“You know, the food is actually pretty good.”
Connor Flaten, 17, sits up after lounging on a chair a few feet away from his hospital bed at Gillette Children’s Specialty Healthcare.
Tall, red-haired and boisterous, it’s not a surprise to learn that he plays on the football team back in North Dakota, or that he’s pretty popular.
This is a kid that just months earlier stood on a stage in front of hundreds of people and sang “My House” by Flo Rida, and if we’re being honest, he was shockingly good. But when asked about his favorite song at the moment, he responds, “Easy, ‘I Want It That Way’ by the Backstreet Boys.”
What about NSYNC? “No, not an NSYNC guy. Backstreet Boys,” he confirms.
At this point, you may arrive at the pertinent question: Who is this kid?
Connor’s mother, Donna Flaten, will tell you he’s definitely a bit of a character, but she’ll also tell you that after the summer they’ve gone through, the fact that Connor is well enough to have a Backstreet Boys v. NSYNC debate is a bit surreal. On June 18, 2017, a week after Connor’s infamous Flo Rida performance, he was in a serious car accident.
Connor suffered a severe traumatic brain injury (TBI). He was in a coma for three weeks.
A Steep Learning Curve
After the accident, paramedics airlifted Connor to a hospital in Fargo, North Dakota. For his family, it was a shock to say the least.
“The doctors estimated that Connor might be unconscious for weeks,” Donna recounts. “They said the only consistent thing about a TBI is that they’re all different. The waiting and the uncertainty was like torture.”
When your son is in a coma, even a minute away from the hospital can feel like a lifetime.
“Connor’s father and I practically lived in his room,” Donna says. “But after 20 days of being unresponsive, Connor opened eyes, looked up at his father and said, ‘Hi Dad.’ It brought tears to his eyes.”
A Town Called Hope
The thing about being in a traumatic accident—especially if you live in a rural area— is that you don’t always get a lot of options about where you’re going to receive care. The Flatens live in Hope, North Dakota, population 265. Connor goes to school at Hope Page High School. There are seven people in his graduating class.
“There used to be eight, but one girl transferred,” Donna laughs. “It’s a wonderful place to live, but for the type of rehabilitation Connor would require, we knew that we might have to travel.”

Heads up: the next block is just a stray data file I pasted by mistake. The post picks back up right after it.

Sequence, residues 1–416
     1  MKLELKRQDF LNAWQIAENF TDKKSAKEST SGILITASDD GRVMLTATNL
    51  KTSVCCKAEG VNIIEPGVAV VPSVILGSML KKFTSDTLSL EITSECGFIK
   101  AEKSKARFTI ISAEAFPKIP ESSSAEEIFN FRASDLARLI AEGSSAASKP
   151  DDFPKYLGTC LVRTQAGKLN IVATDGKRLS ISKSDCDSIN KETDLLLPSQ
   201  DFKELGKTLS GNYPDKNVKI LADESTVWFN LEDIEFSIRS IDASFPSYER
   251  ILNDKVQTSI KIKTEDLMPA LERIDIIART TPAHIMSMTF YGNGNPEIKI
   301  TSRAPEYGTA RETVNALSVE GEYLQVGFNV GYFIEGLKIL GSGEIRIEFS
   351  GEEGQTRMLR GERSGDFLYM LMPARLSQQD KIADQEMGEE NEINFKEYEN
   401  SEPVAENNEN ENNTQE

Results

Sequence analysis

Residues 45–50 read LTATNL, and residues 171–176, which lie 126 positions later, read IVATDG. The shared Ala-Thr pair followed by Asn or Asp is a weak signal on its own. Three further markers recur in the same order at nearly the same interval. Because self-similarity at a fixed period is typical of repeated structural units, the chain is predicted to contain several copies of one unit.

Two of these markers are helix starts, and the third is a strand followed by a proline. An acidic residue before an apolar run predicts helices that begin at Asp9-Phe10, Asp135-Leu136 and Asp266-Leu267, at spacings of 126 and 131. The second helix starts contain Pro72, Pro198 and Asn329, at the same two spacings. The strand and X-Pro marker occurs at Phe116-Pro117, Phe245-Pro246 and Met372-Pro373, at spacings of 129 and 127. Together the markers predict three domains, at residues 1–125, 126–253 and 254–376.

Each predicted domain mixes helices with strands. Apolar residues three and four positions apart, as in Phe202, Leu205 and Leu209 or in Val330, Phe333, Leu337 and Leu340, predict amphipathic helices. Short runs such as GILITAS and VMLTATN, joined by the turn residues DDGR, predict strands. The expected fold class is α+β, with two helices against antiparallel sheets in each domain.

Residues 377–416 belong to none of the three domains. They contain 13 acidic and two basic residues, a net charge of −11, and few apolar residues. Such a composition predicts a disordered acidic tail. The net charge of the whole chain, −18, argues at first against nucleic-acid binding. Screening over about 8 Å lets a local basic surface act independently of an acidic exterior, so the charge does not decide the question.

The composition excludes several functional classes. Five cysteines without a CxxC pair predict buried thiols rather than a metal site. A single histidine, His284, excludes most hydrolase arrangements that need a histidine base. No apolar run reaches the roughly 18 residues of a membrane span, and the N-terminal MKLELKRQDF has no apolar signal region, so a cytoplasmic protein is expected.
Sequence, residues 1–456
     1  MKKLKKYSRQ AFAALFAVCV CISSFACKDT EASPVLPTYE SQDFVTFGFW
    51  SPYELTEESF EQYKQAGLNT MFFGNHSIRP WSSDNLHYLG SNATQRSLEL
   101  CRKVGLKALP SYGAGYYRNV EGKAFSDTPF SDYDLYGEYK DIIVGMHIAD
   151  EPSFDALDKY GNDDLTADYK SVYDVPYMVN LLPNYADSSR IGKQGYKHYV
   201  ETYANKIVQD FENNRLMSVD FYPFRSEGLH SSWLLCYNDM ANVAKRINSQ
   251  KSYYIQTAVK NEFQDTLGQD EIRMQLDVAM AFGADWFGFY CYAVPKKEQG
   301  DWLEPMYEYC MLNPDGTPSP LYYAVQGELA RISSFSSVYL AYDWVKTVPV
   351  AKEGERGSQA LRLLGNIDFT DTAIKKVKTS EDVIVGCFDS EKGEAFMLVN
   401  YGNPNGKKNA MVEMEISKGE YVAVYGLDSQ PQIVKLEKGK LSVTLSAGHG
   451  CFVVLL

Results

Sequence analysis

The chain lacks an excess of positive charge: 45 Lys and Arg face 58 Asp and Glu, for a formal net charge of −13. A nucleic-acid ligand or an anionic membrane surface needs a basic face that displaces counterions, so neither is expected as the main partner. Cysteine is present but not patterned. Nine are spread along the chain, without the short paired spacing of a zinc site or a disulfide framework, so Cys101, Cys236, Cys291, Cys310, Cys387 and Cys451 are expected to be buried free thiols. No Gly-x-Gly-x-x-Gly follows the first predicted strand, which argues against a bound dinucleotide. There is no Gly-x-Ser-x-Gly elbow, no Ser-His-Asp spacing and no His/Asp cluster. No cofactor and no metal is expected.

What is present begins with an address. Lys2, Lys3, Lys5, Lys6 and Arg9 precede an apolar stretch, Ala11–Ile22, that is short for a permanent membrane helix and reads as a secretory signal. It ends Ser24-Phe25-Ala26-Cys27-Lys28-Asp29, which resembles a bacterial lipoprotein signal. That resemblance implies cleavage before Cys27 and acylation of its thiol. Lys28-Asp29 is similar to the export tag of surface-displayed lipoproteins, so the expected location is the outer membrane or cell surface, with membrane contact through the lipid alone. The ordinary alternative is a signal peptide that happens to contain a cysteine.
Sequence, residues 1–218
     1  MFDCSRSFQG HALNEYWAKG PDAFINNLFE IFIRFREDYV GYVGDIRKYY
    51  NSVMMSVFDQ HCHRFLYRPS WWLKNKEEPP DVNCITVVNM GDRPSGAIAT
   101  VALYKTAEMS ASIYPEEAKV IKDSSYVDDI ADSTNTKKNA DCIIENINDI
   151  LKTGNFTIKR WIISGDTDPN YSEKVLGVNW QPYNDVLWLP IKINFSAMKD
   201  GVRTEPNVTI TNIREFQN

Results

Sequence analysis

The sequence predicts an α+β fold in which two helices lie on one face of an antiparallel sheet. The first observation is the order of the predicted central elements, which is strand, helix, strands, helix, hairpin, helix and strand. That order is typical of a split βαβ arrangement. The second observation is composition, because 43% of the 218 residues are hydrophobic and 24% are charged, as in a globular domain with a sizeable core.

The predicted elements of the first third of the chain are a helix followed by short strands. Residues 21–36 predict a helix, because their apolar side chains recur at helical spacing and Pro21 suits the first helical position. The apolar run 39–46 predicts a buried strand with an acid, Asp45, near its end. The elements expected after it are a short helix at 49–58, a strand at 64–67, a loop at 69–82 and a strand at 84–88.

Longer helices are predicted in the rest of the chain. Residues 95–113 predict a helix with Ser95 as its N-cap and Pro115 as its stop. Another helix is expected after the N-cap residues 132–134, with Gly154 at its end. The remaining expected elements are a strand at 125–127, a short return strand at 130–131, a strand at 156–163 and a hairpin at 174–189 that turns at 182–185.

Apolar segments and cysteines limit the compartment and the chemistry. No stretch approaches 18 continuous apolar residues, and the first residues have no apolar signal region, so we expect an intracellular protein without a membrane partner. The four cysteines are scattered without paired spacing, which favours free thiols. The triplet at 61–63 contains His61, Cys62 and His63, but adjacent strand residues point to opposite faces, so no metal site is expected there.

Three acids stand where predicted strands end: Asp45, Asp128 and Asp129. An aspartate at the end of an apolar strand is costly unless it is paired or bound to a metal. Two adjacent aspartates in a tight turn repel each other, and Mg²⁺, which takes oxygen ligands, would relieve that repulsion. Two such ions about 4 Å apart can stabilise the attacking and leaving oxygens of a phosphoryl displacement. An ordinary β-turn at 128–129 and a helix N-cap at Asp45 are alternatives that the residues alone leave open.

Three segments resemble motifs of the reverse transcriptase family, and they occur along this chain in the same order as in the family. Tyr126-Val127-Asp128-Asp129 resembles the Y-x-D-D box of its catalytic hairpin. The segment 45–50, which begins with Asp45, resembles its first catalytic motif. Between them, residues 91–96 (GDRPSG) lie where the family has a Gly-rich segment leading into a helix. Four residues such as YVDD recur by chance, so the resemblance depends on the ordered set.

During their search for an inpatient rehabilitation treatment center, Donna and her husband Curt made the five-hour trip to Gillette in St. Paul, Minnesota.
“After meeting with the team at Gillette and seeing the facility, we made the decision before we left the parking garage,” Donna says. “We knew that Gillette was where Connor needed to be.”
Two-a-Days Every Day, One Day at a Time
“Working in the inpatient rehab unit is never boring,” says Amy Authement, MD, one of the specialists who worked with Connor during his month-long stay at Gillette. “Every patient is at a different point in the recovery process, so a big part of our job is to educate our families and help manage their expectations.”
When it came to Connor, Authement says the entire staff was impressed by how hard he worked.
“They told me I had to give 110 percent, but I gave them 120,” Connor says confidently. “This was right around the time I would’ve been starting two-a-day football practice with my friends at home. I tried to look at my therapy like practice, knowing the harder I worked the faster I’d get back to them.”
Connor’s positive attitude had an effect on the entire unit.
“Everyone loved working with Connor,” Authement says. “At one point one of our patients jokingly claimed, ‘That Connor gets all the attention.’”
Connor would neither confirm nor deny this was the case. But you can probably guess whether or not it was true.
Two Tight-Knit Communities
“The thing about living in a community like Hope is that for good or ill, everybody knows everybody,” Donna says. “When Connor had his accident the whole community came out to support him.”
This past July, Connor received a weekend pass from Gillette. During his furlough at home, the town of Hope threw a benefit in his honor.
“Everyone was there. Everyone,” Donna says. “There wasn’t just one, but four different T-shirts that were designed and sold to help pay for Connor’s treatment.”
One week later, after returning to Gillette to complete his therapy, Connor walked out of the hospital under his own power. He recently started his first day of senior year on time and on-track.
“After the summer we’ve had, the fact that things are getting back to normal is just such a blessing,” she says. “We owe so much to Gillette for helping us get to where we are today. In Hope, we live in a small, interwoven community, and I think that Gillette is very much that type of place. The staff there invested in our whole family and made the hospital feel like a second home. It didn’t begin or end with the medicine. They were there for us in all of the ways we needed during our time of trial, and we can’t thank them enough for giving us our son back.”
Connor has also been present on the sidelines at the first football games of the season. He won’t be able to play this year, but he’s still a captain of the team.
A special thanks to Lisa Aamold of Lisa Aamold Photography for providing the photos for this article.